Helms v. McCollumAnnotate this Case
447 So. 2d 687 (1984)
Myrtle Hosmer HELMS v. W. Hardy McCOLLUM, et al.
Supreme Court of Alabama.
February 24, 1984.
Raymond E. Ward and Dennis Herndon of Ray, Oliver, Ward & Parsons, Tuscaloosa, for appellant.
Barry L. Mullins of Lee, Barrett & Mullins, Tuscaloosa, for appellee W. Hardy McCollum.
Mary R. McKay of Watson & Harrison, Tuscaloosa, for appellee Enhanced Energy Resources, Inc.
The appellant, Myrtle Hosmer Helms, appeals from the dismissal of a petition for a writ of certiorari or, in the alternative, a writ of mandamus. We affirm.
This case arises from a condemnation action in the Probate Court of Tuscaloosa County, Alabama, filed on November 29, 1982. Enhanced Energy Resources, Inc. (Enhanced), a Houston corporation, filed the application to condemn and acquire the right to construct and maintain a pipeline across property owned by Helms in Tuscaloosa County. The probate court set the hearing on the application for December 14, 1982, at 10:00 a.m., and provided for ten days' notice, pursuant to § 18-1-8, Ala. Code 1975.
Notice of the application was issued to the sheriff of Tuscaloosa County and forwarded on to Jefferson County for service on the appellant. Several days later, Helms found a note on her door instructing *688 her to call the Jefferson County sheriff's office for papers that were, in fact, the notice and application of condemnation. Helms received these papers on December 6, 1982, eight days prior to the hearing.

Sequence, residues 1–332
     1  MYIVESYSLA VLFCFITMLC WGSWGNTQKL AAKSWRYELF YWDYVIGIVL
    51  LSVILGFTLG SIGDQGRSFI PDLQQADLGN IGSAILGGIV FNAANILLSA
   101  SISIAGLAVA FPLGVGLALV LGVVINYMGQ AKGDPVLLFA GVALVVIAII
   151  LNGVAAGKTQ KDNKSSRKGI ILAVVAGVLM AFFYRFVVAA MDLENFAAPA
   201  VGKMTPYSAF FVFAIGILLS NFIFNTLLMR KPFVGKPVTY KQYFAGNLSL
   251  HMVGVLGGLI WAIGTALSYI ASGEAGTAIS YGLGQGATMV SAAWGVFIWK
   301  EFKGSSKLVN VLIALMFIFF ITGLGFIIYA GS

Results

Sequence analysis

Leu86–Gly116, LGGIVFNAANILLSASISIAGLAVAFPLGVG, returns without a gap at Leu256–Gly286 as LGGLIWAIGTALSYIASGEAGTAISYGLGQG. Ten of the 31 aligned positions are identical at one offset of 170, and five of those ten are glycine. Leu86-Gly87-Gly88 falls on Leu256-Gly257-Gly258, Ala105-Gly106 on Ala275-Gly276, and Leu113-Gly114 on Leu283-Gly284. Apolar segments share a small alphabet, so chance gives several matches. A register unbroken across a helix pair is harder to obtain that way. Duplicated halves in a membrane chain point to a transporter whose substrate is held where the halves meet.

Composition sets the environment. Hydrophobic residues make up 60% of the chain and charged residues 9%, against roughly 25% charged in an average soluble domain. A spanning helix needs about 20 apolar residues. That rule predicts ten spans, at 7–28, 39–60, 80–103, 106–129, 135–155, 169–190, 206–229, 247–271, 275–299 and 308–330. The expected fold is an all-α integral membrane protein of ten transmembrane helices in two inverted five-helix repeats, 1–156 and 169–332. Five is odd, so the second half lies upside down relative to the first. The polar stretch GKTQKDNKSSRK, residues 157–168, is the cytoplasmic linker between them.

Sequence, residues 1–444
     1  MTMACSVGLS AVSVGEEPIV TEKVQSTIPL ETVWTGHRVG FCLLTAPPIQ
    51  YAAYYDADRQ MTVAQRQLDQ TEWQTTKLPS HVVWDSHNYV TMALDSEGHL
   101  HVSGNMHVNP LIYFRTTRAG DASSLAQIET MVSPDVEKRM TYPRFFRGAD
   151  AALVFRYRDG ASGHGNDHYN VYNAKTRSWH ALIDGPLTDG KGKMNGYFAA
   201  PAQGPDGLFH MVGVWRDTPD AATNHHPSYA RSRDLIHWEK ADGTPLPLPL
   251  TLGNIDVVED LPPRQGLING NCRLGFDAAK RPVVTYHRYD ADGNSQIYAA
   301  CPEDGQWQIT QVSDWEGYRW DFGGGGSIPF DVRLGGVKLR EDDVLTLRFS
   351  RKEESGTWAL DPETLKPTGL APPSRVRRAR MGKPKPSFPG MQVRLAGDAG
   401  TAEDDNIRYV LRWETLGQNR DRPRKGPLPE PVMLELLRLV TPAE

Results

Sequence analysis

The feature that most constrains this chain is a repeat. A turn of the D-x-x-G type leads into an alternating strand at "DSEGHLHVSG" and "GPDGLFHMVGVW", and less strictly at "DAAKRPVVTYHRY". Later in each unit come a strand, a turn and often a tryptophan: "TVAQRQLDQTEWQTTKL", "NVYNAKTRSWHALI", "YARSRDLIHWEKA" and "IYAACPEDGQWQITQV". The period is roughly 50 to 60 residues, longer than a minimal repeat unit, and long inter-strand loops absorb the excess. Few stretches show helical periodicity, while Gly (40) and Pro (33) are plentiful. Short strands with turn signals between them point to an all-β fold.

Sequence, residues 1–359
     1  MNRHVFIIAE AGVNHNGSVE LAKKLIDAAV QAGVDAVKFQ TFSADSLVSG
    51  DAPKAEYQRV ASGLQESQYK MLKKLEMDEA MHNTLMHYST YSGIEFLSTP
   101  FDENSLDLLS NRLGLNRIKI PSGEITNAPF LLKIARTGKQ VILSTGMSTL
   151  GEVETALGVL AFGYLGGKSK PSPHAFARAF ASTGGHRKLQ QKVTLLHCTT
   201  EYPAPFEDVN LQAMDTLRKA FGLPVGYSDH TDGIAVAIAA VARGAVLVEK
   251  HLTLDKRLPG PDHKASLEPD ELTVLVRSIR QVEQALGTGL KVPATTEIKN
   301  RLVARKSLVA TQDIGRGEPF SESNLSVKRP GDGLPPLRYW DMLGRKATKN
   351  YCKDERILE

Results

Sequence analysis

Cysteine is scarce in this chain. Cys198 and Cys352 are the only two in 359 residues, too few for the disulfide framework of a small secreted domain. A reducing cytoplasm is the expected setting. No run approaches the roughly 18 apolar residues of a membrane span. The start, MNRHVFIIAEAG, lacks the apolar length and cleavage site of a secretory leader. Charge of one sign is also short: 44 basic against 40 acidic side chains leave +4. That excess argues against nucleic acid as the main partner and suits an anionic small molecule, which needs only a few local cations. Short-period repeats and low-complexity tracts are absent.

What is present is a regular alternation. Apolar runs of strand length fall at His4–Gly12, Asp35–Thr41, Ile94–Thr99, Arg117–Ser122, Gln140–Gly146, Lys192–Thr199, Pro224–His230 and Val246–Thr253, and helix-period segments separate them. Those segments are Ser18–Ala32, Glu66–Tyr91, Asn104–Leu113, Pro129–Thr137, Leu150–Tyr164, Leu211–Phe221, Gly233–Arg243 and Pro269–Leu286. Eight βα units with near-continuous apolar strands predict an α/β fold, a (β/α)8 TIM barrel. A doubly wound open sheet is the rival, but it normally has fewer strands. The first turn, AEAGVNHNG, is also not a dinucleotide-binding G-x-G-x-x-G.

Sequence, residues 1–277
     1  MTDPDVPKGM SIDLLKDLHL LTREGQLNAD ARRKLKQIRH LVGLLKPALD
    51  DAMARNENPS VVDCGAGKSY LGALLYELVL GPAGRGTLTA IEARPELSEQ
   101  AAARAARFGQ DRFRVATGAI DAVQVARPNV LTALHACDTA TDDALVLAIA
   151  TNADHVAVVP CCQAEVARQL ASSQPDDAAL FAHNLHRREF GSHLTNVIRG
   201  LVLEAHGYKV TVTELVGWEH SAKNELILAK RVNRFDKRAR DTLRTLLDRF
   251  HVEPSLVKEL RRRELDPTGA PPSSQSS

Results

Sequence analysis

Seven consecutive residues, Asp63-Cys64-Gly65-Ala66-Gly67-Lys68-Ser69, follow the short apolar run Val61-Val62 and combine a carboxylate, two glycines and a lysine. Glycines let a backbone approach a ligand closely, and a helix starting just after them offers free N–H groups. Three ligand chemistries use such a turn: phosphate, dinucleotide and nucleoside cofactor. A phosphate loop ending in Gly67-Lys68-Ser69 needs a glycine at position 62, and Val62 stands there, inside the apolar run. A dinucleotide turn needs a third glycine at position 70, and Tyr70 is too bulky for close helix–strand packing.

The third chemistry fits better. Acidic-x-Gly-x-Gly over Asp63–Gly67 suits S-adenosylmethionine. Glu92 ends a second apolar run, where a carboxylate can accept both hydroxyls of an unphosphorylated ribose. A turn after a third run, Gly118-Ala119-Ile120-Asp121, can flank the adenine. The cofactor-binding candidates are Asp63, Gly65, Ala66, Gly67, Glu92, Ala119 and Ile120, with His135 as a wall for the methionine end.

Prior to this alleged service, on November 29, 1982, Enhanced, through its attorney, sent to Helms by certified mail, restricted delivery, return receipt requested, copies of the papers involved in the condemnation proceedings, including the notice and order setting the date for the hearing.
Helms arrived late at the Tuscaloosa County Courthouse for the hearing, which had started without her. She was unaccompanied by legal counsel. She participated in the proceedings and voiced her objections to the proceedings and their objective. At the conclusion of the hearing, the probate judge granted the application of Enhanced and appointed commissioners, who performed all the duties required of them and entered their report. Judgment was entered on the commissioners' report, and the decree of condemnation was entered.
Helms filed a motion to set aside the decree of condemnation, which was denied. She then filed notice of appeal to the Circuit Court of Tuscaloosa County, Alabama. While that appeal was pending, Helms filed a petition for writ of certiorari or, in the alternative, writ of mandamus, with the same court, naming the probate judge and Enhanced as respondents. This petition sought to require the probate judge to vacate his order of condemnation. This is the same relief sought on the appeal.